Top CNS stories for today including Courthouse News wins First Amendment battle against the New York State court clerk; a federal judge orders the unveiling Monday of the search-warrant records that led the FBI to announce, shortly before Election Day, a new review of Hillary Clinton’s emails; North Carolina lawmakers will convene for a special session Tuesday to repeal the state’s controversial House Bill 2, and more.
Sign up for CNS Nightly Brief, a roundup of the day’s top stories delivered directly to your email Monday through Friday.
After extensive argument Friday afternoon, a federal judge in Manhattan ruled from the bench in favor of Courthouse News on its First Amendment motion to enjoin the state court clerk from continuing his practice of withholding press access to newly filed civil complaints until after clerical processing.
A federal judge ordered an unveiling Monday of the search-warrant records that led the FBI to announce, shortly before Election Day, a new review of Hillary Clinton’s emails.
North Carolina Gov. Pat McCrory on Monday called for a special session of the state legislature to consider the repeal of the controversial House Bill 2, following a surprise move by the Charlotte City Council to rescind the anti-discrimination law that inspired the house bill.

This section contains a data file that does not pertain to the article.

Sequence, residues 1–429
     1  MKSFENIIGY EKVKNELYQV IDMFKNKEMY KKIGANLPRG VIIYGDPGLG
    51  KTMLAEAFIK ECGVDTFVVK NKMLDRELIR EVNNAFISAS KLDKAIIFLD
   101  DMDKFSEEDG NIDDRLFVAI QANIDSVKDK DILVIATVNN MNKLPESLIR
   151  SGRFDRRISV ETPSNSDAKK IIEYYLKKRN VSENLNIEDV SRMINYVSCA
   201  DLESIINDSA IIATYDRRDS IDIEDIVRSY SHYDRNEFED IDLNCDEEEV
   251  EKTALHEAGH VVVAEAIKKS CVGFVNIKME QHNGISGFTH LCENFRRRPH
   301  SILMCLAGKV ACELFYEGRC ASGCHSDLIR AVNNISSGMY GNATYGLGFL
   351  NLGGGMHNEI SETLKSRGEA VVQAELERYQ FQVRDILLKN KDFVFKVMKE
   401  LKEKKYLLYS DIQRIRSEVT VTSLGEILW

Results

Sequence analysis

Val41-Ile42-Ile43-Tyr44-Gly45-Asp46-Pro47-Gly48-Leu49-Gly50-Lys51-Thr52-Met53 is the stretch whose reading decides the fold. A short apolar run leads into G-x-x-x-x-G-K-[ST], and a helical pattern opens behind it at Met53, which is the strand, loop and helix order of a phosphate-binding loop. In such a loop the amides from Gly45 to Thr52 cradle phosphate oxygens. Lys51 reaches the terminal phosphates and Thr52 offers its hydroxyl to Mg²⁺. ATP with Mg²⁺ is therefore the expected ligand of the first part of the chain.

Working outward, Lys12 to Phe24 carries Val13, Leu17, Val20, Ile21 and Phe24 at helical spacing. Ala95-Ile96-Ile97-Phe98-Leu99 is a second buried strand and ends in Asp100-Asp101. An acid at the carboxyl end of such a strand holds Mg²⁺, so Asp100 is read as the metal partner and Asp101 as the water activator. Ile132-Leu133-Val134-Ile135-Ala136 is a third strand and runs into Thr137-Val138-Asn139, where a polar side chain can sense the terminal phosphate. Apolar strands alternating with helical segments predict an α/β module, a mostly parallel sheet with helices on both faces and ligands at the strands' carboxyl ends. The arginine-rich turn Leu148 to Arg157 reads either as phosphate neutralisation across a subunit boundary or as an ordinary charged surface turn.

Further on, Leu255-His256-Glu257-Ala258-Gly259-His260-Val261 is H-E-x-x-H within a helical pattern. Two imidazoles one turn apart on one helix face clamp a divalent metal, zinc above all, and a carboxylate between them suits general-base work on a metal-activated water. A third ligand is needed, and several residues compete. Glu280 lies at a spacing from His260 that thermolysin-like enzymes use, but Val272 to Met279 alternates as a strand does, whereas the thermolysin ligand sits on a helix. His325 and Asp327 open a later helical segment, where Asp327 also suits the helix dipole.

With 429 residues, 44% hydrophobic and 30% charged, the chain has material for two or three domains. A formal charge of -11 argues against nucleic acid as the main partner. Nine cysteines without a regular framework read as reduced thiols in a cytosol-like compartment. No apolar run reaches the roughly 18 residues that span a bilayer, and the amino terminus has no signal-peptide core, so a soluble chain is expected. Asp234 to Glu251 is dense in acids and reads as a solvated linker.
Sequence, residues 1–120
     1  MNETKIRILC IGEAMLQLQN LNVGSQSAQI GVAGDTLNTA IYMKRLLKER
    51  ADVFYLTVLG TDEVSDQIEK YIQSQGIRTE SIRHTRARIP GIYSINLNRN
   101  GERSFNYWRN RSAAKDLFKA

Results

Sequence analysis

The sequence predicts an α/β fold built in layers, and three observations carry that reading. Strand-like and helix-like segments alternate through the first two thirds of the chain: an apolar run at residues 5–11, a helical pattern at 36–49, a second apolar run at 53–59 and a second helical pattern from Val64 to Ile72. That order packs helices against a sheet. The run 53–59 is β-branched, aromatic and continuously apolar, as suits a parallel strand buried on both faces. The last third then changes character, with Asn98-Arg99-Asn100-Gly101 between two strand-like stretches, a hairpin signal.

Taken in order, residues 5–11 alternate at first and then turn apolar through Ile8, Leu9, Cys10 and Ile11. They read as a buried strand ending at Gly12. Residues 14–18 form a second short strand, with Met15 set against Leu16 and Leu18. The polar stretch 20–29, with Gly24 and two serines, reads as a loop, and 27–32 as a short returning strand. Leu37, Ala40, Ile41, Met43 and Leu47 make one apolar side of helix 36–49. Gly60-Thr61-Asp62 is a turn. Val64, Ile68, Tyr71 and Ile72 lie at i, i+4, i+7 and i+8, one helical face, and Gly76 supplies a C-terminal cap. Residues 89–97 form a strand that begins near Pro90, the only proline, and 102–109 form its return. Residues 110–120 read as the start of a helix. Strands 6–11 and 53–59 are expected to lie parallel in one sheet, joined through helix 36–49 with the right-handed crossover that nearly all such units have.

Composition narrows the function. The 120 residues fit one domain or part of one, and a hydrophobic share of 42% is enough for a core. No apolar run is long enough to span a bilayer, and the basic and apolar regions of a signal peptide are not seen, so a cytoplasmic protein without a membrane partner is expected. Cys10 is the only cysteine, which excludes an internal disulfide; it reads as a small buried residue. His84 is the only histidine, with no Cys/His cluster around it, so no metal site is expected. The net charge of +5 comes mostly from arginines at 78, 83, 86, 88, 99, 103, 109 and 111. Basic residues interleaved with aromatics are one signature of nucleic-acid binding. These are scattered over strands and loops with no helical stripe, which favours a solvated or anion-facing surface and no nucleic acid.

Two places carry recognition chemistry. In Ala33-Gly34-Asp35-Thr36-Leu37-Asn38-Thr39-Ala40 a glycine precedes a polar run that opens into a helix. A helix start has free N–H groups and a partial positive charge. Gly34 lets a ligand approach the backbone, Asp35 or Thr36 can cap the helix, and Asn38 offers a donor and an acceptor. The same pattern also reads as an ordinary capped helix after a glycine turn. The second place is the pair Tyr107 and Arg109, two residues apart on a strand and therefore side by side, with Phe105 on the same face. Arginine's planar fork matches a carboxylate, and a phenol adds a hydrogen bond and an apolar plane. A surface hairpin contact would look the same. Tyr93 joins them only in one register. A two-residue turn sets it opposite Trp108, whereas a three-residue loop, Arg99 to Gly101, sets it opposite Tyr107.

A giant irrigation district sued the University of California for records on a plan for California to help create a regional electricity market of 14 Western states — a plan the district believes could endanger California’s climate-change laws.
President-elect Donald Trump over the weekend selected Rep. Mick Mulvaney to serve as director of the Office of Management and Budget. It a separate move, he also announced his pick for Army secretary.
The Seventh Circuit revived wiretap claims against a woman who used an email-autoforwarding program to show that the husband she was divorcing had cheated on her.
Volkswagen attorneys on Friday urged a federal judge to relinquish jurisdiction over a shareholder class action seeking hundreds of millions of dollars for damage to its stock price from the emissions cheating scandal and recalls.
Policymakers and scientists must work together to develop meaningful strategies for protecting coastal areas from the threat of rising sea levels globally, a new study finds, as governmental decision-making often fails to reflect the most current information.